When the Green Bay Packers traded Aaron Rodgers to the New York Jets during this past offseason, many believed it signaled the beginning of a new “dark age” for the franchise. After 30 years of Hall of Fame caliber quarterback play, the Packers decided it was time for their 2020 first round pick, Jordan Love, to take over under center.
The split between Rodgers and the organization was not a pretty one. There was plenty of blame thrown around by both parties, neither one taking responsibility for why things had deteriorated to the point that they had. Of course, things had been tense between Rodgers and the Packers since the moment they drafted Love.
To each party’s credit, though, each of them has always done what they have felt is right by Love. Rodgers, despite his feelings about having his successor drafted, refused to alienate Love like he had been alienated by Brett Favre. Instead, he took the young quarterback under his wing and took an active and positive role in Love’s development.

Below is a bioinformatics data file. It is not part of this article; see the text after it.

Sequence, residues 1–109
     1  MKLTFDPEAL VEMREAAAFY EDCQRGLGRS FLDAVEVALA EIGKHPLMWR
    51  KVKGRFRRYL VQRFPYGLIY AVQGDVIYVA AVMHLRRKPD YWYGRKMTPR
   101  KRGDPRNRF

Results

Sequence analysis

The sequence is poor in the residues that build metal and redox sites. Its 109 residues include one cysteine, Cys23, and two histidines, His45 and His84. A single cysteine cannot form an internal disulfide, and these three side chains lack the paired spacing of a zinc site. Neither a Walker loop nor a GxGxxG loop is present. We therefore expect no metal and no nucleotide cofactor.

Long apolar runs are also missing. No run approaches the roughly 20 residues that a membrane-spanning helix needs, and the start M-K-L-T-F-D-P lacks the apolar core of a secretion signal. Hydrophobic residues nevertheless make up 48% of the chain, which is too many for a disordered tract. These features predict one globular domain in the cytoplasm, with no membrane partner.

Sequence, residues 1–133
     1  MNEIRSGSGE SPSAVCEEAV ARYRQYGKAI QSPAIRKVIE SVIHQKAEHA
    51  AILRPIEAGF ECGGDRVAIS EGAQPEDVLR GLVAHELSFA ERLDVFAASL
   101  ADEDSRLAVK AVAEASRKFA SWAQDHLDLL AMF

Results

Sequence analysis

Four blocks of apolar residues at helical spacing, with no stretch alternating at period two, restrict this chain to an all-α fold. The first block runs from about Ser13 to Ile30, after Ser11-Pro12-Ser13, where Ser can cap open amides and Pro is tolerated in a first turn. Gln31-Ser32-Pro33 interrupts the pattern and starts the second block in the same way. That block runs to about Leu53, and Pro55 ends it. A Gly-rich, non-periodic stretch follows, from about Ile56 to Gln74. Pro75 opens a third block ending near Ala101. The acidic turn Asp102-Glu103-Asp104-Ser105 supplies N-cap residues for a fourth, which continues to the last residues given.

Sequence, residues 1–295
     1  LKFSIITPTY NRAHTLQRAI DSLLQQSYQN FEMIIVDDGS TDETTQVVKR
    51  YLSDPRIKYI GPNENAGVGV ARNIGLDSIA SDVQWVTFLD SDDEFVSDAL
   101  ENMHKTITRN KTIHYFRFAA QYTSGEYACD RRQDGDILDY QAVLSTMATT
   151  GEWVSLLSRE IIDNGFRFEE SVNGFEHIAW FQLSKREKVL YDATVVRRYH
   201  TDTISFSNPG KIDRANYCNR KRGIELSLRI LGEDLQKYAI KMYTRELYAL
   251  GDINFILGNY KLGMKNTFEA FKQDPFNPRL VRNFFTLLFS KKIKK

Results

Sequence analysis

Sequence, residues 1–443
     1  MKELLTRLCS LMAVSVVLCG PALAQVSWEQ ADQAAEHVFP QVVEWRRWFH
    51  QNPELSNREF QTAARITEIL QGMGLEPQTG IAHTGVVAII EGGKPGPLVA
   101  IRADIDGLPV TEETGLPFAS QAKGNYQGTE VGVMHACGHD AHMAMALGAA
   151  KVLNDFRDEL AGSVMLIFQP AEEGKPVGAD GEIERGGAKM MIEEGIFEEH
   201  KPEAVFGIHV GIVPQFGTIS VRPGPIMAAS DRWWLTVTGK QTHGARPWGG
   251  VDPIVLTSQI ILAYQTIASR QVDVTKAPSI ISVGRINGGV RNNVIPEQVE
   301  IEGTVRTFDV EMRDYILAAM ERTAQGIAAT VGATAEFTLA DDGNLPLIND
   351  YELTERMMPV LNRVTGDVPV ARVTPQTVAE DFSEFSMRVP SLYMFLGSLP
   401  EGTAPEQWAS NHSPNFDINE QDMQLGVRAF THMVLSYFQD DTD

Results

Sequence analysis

While Rodgers has expressed regret over how things ended with Green Bay (but not regret over his part in it), he has always been supportive of Love and the team. He doubled down on these sentiments on “The Pat McAfee Show” yesterday.
Aaron Rodgers Is Not Surprised By Green Bay Packers Quarterback Jordan Love
Rodgers, as many people know, loves to carry a chip on his shoulder. It gives him a competitive edge. Sometimes, he will turn the slightest thing into motivation. Obviously, the way things ended with the Packers may fuel his fire, but says he is not rooting for them to lose. In fact, he’s hoping for the opposite:
“Am I surprised by how he’s playing? No. Am I happy for him? Hell yeah. Some people were probably thinking I was rooting against the Packers this year, rooting against Jordan. Couldn’t be further from the truth. I’m not a bitter person about that.
“Obviously, I wish things would have gone different when I was in Green Bay and there’s things I wish I would have done better. But I have so much love for the organization. I have so many people I still talk to every single week that work there. If I catch Jordan’s game I usually send him a message.”
It makes sense that Rodgers is still rooting for the Packers to succeed. He has a lot of friends left on the roster. It also must make him feel some sort of satisfaction to see Love playing so well. Commentators and analysts often remark that Love’s throws look like ones Rodgers made, evidence of the work he put into helping Love become successful.
In a small way, Love’s success is Rodgers’ success.